From East Africa, images of AIDS' campaign of terror

August 24, 1998|By Dr. E. Richard Stiehm

I was unusually apprehensive as I boarded the plane to Kenya and Egypt in late July. I was to spend one week in Kenya on an AIDS project and one week in Egypt to see the temples of Luxor with my wife. I was particularly concerned about AIDS exposure to our research team in Kenya and political terrorism in Egypt.

I've traveled and worked in Kenya many times, but not since the AIDS epidemic, and I'd never been to Egypt. We had been told that tourism there was nearly nonexistent since the terrorist attack that killed 58 tourists in Luxor in November 1997. Thus, it was darkly ironic that I was in Luxor when I heard about the attack on the U.S. embassy in Kenya, just three days after I left Nairobi. The most dramatic thing that happened in Luxor was that the hotel electricity failed for one hour.

As I watched the rescue effort on CNN, the medical terror of Africa loomed large in my mind, since I had just spent a week studying the AIDS epidemic in Kenya. The high risk of AIDS exposure to the Kenyan medical caregivers principally results from the fact that about 25 percent of the young adult population of Nairobi is infected with HIV and that any contact with blood and other secretions to the broken skin, the eye or through an inadvertent needle stick can led to a fatal HIV infection. This risk is particularly high in the emergency room when one is dealing with severely injured, bleeding patients.

In our AIDS project in remote villages in West Kenya, we minimize this exposure by using an experimental way to test for AIDS, a rapid saliva test. Our results so far indicate that it is an accurate, readily performed and accepted test with minimal risk to health care personnel. We also found that more than 20 percent of the young adults in these villages are HIV positive, although nearly all are asymptomatic and had been unaware of their infection.

During my stay in Kenya, I met a young American surgeon who was going to a rural mission hospital in West Kenya to perform complex head and neck surgery as a volunteer. We discussed the precautions he was going to use to prevent HIV exposure during surgery. He had brought sufficient surgical gloves to use two pairs of gloves (double gloving) on every case, eye goggles and face shields, a personal supply of AZT and two other anti-AIDS drugs that he could take immediately upon accidental exposure (and which are unavailable in Kenya) and an insurance policy that would pay him to fly to a European hospital in case of a medical problem necessitating a blood transfusion.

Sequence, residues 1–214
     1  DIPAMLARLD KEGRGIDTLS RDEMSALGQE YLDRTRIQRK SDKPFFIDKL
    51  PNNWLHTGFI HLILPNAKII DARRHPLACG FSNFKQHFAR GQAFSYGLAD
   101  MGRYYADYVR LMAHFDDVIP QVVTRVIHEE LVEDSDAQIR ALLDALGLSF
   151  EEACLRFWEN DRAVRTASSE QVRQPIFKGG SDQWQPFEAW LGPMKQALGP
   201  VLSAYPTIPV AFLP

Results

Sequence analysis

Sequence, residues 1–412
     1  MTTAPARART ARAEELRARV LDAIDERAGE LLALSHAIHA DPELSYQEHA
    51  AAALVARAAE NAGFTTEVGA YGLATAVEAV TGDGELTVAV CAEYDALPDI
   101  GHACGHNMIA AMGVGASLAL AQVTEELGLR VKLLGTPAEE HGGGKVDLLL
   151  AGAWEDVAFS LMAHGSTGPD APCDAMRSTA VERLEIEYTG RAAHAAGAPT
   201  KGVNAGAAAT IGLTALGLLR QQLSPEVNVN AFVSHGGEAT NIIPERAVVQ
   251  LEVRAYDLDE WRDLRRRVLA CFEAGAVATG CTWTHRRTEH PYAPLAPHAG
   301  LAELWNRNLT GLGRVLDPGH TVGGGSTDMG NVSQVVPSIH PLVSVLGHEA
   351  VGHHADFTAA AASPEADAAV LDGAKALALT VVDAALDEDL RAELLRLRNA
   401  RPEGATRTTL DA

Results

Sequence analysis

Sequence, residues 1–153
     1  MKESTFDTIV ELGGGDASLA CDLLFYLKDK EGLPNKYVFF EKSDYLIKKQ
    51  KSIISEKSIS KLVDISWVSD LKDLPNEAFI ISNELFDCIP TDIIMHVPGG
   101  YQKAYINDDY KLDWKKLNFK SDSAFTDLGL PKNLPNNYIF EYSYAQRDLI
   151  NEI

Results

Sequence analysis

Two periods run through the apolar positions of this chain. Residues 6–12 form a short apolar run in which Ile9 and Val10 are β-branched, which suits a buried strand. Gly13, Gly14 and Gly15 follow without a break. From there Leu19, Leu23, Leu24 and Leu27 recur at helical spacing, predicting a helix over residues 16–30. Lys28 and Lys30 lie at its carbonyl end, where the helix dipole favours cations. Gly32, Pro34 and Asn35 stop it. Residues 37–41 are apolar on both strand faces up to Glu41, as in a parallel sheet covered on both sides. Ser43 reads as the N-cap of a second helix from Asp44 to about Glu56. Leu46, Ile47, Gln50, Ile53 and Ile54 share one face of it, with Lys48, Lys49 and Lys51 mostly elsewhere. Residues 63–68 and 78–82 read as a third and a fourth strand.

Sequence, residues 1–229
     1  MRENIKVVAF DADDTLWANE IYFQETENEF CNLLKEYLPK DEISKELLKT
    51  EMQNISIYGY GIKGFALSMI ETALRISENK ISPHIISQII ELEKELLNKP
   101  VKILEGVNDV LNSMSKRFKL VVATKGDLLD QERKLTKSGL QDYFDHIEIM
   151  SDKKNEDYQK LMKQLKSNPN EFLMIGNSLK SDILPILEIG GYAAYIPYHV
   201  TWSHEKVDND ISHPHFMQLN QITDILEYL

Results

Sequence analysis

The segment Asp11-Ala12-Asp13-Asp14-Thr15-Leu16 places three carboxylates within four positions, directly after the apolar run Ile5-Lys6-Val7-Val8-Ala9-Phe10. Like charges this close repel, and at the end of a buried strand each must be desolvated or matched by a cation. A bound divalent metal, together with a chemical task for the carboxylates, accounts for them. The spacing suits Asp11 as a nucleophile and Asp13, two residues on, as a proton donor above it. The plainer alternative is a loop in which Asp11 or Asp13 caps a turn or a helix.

Reflecting on all the protections for this one individual, I found it almost inconceivable to imagine the complexity of coping with 5,000 injured, bleeding patients after the embassy bombing. Even Johns Hopkins Hospital or UCLA Medical Center would be hard-pressed to handle such a catastrophe, even without the specter of AIDS. The Nairobi Hospital, where many of the first victims were taken, is a small, private, well-equipped hospital for wealthy Kenyans and tourists, but the other Nairobi hospitals are chronically short of supplies and medicines, lack high-tech equipment such as CAT scans and respirators, and have no blood bank to rapidly provide HIV-negative blood.

The television image of the heroic Kenyan doctors and nurses who were providing emergency care to the bleeding patients, many of whom were not wearing gloves, sent shivers down my spine. It was a grim reminder of the great difficulties that Kenya and other African countries have in coping with this epidemic without readily available HIV testing, a safe blood supply, anti-viral drugs, and well-equipped hospitals and clinics. Sadly, the AIDS epidemic will claim many more lives than the bombing, and will surely include some of the exposed health-care workers.

The only end to the AIDS terrorism is a preventive vaccine, and that is a distant promise. A vaccine would be America's best contribution to African prosperity and stability. Its cost, though, will far exceed that of the rebuilding the American Embassy.

Dr. E. Richard Stiehm is a professor and chief of pediatric immunology at the UCLA Medical Center in Los Angeles.

Pub Date: 8/24/98

Baltimore Sun Articles
Please note the green-lined linked article text has been applied commercially without any involvement from our newsroom editors, reporters or any other editorial staff.